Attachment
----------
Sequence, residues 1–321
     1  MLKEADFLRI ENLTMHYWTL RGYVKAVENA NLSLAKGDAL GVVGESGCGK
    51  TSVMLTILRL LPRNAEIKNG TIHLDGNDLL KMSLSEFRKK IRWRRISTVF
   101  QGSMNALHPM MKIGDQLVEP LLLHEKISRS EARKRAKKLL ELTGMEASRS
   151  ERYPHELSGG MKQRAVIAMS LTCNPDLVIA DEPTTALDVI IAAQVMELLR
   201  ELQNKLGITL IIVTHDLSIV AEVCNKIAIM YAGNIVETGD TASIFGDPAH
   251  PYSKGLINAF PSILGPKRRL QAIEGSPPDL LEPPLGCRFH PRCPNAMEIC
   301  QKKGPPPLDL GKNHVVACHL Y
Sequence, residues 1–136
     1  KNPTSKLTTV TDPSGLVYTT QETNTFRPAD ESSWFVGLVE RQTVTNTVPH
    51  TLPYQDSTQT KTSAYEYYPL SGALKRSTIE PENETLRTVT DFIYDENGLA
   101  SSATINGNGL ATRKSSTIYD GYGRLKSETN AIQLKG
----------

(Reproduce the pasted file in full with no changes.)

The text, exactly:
Sequence, residues 1–321
     1  MLKEADFLRI ENLTMHYWTL RGYVKAVENA NLSLAKGDAL GVVGESGCGK
    51  TSVMLTILRL LPRNAEIKNG TIHLDGNDLL KMSLSEFRKK IRWRRISTVF
   101  QGSMNALHPM MKIGDQLVEP LLLHEKISRS EARKRAKKLL ELTGMEASRS
   151  ERYPHELSGG MKQRAVIAMS LTCNPDLVIA DEPTTALDVI IAAQVMELLR
   201  ELQNKLGITL IIVTHDLSIV AEVCNKIAIM YAGNIVETGD TASIFGDPAH
   251  PYSKGLINAF PSILGPKRRL QAIEGSPPDL LEPPLGCRFH PRCPNAMEIC
   301  QKKGPPPLDL GKNHVVACHL Y
Sequence, residues 1–136
     1  KNPTSKLTTV TDPSGLVYTT QETNTFRPAD ESSWFVGLVE RQTVTNTVPH
    51  TLPYQDSTQT KTSAYEYYPL SGALKRSTIE PENETLRTVT DFIYDENGLA
   101  SSATINGNGL ATRKSSTIYD GYGRLKSETN AIQLKG